Increased energy costs a concern as winter approaches

The cost to heat a home with natural gas could increase by 15 percent.

Jason Juno

Whether heating a house or an entire university, many will feel the effects of increasing energy costs this winter.

The cost of energy is a concern for students and University officials, but the good news comes from the National Oceanic and Atmospheric Administration, which predicts a warmer-than-average winter in the Upper Midwest.

National numbers

The cost to heat a home with natural gas will increase approximately 15 percent in the Upper Midwest, predicts the Energy Information Administration, which is part of the Department of Energy, economist Neil Gamson said.

The energy administration predicts an 11 percent increase in natural gas prices and a 3.7 percent increase in Upper-Midwest use.

Most Minnesotans use natural gas, Minnesota Department of Commerce spokesman Bruce Gordon said. The increase translates to approximately a $45 increase on a $300 bill.

From two years ago to last winter, prices increased 16 percent and 13 percent the period before that, Gamson said.

“Gas prices have been going up,” he said. “It’s that simple.”

Heating-oil prices are projected to go up approximately 29 percent, Gamson said. Propane prices are expected to go up approximately 21 percent this year, including consumption, according to this year’s Winter Fuels Outlook report. The figure is compared to last year’s propane increase, which was 8 percent, Gamson said.

A very cold winter in the Midwest could “certainly throw things way out of proportion” because it is such a large consumer, Gamson said. Chicago has high usage because of its large population, while Minneapolis has high consumption because it is one of the coldest of the large Midwest cities, he said.

Gordon said supply is above five-year norms in Minnesota, and demand is the uncertainty.

University facility costs

Facilities within the University also will feel the pinch as they use natural gas, coal, heating oil and wood.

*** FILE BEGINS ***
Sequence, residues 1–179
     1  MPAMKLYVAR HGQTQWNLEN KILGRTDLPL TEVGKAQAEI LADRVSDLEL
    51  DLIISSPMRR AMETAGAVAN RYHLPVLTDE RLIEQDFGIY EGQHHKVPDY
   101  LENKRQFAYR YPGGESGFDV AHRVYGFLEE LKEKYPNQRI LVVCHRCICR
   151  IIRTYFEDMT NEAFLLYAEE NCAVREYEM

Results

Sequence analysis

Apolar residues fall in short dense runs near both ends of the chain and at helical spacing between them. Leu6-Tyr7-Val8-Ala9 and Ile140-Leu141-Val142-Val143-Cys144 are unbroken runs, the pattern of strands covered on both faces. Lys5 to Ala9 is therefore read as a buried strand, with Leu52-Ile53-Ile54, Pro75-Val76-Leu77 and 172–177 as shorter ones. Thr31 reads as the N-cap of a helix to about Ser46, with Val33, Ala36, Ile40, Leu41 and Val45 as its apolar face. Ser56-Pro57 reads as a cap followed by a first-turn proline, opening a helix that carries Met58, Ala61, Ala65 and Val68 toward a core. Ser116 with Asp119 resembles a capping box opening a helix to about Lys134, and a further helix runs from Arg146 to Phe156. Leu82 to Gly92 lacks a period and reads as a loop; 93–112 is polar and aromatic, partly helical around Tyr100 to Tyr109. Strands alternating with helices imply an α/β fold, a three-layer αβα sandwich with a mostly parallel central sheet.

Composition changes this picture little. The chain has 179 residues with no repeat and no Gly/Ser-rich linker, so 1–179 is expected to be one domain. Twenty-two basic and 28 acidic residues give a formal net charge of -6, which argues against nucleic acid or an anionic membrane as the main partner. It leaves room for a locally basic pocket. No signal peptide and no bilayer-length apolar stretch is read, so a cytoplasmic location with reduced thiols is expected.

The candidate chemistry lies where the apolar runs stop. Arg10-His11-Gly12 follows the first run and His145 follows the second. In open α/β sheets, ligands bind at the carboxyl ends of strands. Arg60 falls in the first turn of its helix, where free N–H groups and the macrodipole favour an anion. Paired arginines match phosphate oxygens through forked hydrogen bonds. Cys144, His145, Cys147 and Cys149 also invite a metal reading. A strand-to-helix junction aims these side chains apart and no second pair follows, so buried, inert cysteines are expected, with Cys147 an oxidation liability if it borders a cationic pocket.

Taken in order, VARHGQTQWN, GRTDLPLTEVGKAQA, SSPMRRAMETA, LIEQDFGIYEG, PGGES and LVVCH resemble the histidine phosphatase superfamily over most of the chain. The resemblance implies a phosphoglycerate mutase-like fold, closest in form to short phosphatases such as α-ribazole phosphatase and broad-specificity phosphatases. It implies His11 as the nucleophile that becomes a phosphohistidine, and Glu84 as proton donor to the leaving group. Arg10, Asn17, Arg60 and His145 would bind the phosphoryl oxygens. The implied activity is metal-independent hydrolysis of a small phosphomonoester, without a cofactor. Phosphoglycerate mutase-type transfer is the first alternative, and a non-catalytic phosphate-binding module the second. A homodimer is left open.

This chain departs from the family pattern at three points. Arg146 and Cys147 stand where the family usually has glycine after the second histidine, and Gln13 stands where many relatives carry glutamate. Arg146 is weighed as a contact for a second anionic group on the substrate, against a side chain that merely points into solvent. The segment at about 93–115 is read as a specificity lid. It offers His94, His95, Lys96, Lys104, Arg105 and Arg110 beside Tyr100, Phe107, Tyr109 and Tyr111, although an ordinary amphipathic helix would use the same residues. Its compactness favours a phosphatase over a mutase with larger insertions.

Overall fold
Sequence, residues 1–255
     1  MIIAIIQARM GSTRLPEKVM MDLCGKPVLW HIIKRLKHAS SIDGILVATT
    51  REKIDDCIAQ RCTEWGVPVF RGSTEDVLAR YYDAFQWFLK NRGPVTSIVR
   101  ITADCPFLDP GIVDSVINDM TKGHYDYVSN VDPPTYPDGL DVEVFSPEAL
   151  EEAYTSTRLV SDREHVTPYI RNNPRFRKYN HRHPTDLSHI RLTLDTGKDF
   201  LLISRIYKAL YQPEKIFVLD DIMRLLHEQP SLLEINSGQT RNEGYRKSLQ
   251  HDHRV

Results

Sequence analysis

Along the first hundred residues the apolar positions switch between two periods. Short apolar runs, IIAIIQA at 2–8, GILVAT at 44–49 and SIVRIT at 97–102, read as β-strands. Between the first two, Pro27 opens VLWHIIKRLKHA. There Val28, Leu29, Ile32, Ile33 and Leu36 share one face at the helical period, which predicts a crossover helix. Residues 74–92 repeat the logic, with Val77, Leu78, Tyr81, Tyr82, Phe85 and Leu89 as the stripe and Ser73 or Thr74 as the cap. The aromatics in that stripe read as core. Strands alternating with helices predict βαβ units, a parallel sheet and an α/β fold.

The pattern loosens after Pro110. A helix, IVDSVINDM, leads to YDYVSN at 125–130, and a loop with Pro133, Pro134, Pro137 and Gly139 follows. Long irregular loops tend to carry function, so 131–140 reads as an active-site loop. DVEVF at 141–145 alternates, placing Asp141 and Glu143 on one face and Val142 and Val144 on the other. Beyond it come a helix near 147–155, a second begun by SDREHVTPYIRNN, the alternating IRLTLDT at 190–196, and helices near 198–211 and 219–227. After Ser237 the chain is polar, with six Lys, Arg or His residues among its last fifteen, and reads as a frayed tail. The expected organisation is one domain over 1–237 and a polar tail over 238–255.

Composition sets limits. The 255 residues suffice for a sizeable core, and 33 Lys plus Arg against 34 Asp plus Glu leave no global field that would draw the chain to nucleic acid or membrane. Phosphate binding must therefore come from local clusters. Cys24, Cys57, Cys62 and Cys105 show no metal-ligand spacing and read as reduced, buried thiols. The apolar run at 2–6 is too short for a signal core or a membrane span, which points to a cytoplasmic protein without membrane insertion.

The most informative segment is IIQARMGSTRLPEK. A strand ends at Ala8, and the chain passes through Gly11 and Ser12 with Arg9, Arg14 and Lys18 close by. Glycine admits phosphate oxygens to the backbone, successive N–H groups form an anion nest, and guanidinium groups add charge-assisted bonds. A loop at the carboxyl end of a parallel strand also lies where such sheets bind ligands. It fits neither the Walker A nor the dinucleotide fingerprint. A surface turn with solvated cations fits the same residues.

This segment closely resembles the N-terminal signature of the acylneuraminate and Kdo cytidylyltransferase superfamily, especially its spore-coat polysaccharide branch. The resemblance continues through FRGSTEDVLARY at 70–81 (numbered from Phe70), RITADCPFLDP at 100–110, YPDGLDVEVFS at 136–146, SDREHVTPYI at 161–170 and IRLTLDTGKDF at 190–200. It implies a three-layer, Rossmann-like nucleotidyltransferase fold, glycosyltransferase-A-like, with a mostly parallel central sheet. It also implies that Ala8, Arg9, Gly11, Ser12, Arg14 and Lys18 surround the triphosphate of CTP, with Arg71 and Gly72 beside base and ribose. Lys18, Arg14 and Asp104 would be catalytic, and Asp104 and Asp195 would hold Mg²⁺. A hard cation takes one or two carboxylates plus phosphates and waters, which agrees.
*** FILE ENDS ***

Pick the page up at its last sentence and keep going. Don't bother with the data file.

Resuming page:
The Minnesota Pollution Control Agency requires that the University use natural gas 70 percent of the time to heat buildings, research components, hot water and more, said Jerome Malmquist, director of Energy Management for Facilities Management.

The department is budgeted for 23 percent coal and 5 percent fuel oil. The Minnesota Pollution Control Agency allows the University to use a 30 percent combination of coal and fuel oil, Malmquist said.

Prices change quickly, Malmquist said – sometimes hourly. Although budgeted at $5.28 per unit of natural gas, the price was at $8 Tuesday afternoon, he said.

Facilities Management’s 2005 budget was thought to be created with plenty of leeway, but the higher prices will probably put the department over its original budget, said Michael Nagel, assistant director for Energy Management.

The budget for utilities -which include more than just heating – has increased in recent years because of higher energy prices and new buildings on campus, Malmquist said. The budget increased 5.5 percent from fiscal year 2004 to fiscal year 2005, he said.

When Minnegasco – the system through which the University uses its natural gas – runs out of resources, the University has a backup plan.

The backup plan is fuel oil. The University has 1 million gallons of fuel oil stored, which it bought for a lower price than it budgeted for, Nagel said. The University uses approximately 1 million to 1.5 million gallons in one year, he said.

That means when the company cannot get gas to the University, the University must use the fuel oil. That happened 28 days last winter, Malmquist said.

Another part of the problem is that the price of natural gas never decreased as it normally does every summer. Thus, supplies could not be purchased at a lower price.

The University will use its option to burn coal when the price of gas is at its highest, which comes during the winter heating season, said Jenn Rowe, communications specialist for Facilities Management.

A warmer winter

Weather is a big factor in how much energy is used, Malmquist said.

Minnesota should expect a warmer, drier winter than normal if National Oceanic and Atmospheric Administration predictions are correct, said Craig Edwards, chief meteorologist at the National Weather Service in Chanhassen, Minn.

But, Edwards said, the weather service does not predict exactly how much warmer than average seasons will be – for instance, this winter might be only slightly warmer than average, or it could be significantly above average.

The service has also predicted there will be less snowfall than average this winter but not how much less.

A “weak to moderate” El Nino in the Pacific Ocean usually causes these conditions in the upper Midwest, Edwards said.

Such long-term forecasts can go either way. Predictions pointed to the summer being cooler than normal, which it was, Edwards said. However, in August, the oceanic and atmospheric administration predicted a cooler-than-average September, but the month was 6 degrees warmer than normal, he said.